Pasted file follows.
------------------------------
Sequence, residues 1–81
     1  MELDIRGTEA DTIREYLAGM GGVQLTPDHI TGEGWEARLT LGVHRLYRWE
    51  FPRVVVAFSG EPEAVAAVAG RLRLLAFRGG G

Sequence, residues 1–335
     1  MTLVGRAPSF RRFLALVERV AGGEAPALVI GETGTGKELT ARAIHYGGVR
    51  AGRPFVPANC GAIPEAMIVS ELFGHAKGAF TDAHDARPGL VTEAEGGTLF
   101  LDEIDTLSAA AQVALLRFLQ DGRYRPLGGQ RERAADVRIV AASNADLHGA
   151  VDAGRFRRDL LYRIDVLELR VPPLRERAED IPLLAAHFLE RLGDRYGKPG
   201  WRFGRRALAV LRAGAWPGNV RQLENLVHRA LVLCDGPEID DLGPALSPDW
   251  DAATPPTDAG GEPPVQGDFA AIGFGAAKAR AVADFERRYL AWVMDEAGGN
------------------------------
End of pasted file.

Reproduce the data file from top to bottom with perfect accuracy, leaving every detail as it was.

Sequence, residues 1–81
     1  MELDIRGTEA DTIREYLAGM GGVQLTPDHI TGEGWEARLT LGVHRLYRWE
    51  FPRVVVAFSG EPEAVAAVAG RLRLLAFRGG G

Sequence, residues 1–335
     1  MTLVGRAPSF RRFLALVERV AGGEAPALVI GETGTGKELT ARAIHYGGVR
    51  AGRPFVPANC GAIPEAMIVS ELFGHAKGAF TDAHDARPGL VTEAEGGTLF
   101  LDEIDTLSAA AQVALLRFLQ DGRYRPLGGQ RERAADVRIV AASNADLHGA
   151  VDAGRFRRDL LYRIDVLELR VPPLRERAED IPLLAAHFLE RLGDRYGKPG
   201  WRFGRRALAV LRAGAWPGNV RQLENLVHRA LVLCDGPEID DLGPALSPDW
   251  DAATPPTDAG GEPPVQGDFA AIGFGAAKAR AVADFERRYL AWVMDEAGGN